Grab N’ Go Breakfast Brings New Energy to School
Mornings at Hmong International Academy (HIA), located in Minneapolis, Minn., used to be chaotic. Students would amble in the hallways and often be late for class. Teachers would struggle to usher kids into classrooms. There were sometimes even behavior issues to deal with.
Then HIA rolled out a new Grab N' Go breakfast service model and everything changed. The on-the-go breakfast, proving to be a big hit with students and teachers alike, is part of Second Harvest Heartland’s Food + You program. Students grab a nutritious breakfast from kiosks and then head to their classrooms to eat. HIA offers free breakfast to all students. With this change in their breakfast model, they went from serving 260 to 402 students on their first day!
Gao Xiong is HIA’s assistant principal. "I thought our first day went really smoothly,” she said. “We were able to serve about 430 breakfasts. There was a noticeable difference. Students were on time to class and the building had a calm that I haven’t ever felt before.”
Here’s how it works: Students pick up packaged breakfasts from mobile service carts in high traffic areas that are convenient to students, such as hallways, entryways or cafeterias. A breakfast package includes a fruit, protein, grain and juice or milk. Students have the option to eat in their classroom before and after the bell has rung. Allowing students to take their time and eat their breakfast in the classroom, makes it easier for them and more likely that they’ll get in a nutritious meal before the start of the day.
According to Xiong, the Grab N’ Go breakfast makes the whole day run just a little smoother. That’s because having a healthy breakfast at the start of the day helps students have more energy and focus so they do better in school.
HIA is using its new breakfast model to further engage students and support Social and Emotional Learning (SEL), a key focus area for Minneapolis Public Schools. SEL is a more holistic approach to learning that focuses on the whole child and the social and emotional skills they need to succeed. Studies show that students who are exposed to SEL demonstrate improved social behaviors and social skills and increased academic achievement. Schools that commit to supporting and promoting students' social and emotional growth create safe, equitable and engaging environments that promote success for students from all backgrounds.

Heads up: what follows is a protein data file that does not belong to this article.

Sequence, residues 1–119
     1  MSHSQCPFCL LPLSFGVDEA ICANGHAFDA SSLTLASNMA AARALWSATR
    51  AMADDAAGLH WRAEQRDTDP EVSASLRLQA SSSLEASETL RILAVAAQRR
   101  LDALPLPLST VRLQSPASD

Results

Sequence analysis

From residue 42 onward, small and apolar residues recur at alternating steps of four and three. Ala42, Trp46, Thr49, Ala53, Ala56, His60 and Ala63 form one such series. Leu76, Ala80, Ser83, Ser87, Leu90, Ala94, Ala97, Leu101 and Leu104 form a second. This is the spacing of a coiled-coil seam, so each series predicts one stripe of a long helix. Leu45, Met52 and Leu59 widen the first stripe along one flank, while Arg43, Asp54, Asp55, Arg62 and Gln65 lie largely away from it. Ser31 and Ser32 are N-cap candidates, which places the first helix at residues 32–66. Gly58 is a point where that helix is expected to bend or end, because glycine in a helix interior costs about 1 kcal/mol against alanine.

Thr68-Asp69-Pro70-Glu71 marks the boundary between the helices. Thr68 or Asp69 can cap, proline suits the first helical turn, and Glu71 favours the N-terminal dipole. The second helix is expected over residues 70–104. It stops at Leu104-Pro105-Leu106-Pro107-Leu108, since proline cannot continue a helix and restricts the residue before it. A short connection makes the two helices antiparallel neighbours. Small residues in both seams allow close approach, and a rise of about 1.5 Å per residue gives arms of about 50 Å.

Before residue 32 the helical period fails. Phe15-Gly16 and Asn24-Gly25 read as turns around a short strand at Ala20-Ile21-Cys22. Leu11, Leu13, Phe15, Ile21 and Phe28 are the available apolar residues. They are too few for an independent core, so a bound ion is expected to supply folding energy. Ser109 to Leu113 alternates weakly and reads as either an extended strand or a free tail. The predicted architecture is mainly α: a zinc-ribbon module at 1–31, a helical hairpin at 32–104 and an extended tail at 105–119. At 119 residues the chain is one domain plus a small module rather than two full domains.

The school is currently conducting teacher and parent surveys about the breakfast program and plans to share the results with parents and other stakeholders. The information the school gleans from the surveys will be used to help further the SEL work the school is doing as part of Minneapolis Public Schools’ SEL cohort.
“Teachers have additional time to connect with students while eating breakfast because they’re in the classroom earlier,” Xiong said. “The mornings are so much nicer. I couldn’t imagine going back to the traditional cafeteria breakfast.”
Our Food + You school-based program aims to increase availability of healthy food resources to students and their families by partnering with participating schools in the metro area. This multi-dimensional program offers support for accessing existing federal nutrition program and connections to broader community resources and food distributions. Learn more about Food + You and how Second Harvest Heartland is helping create greater access to food for kids and their families.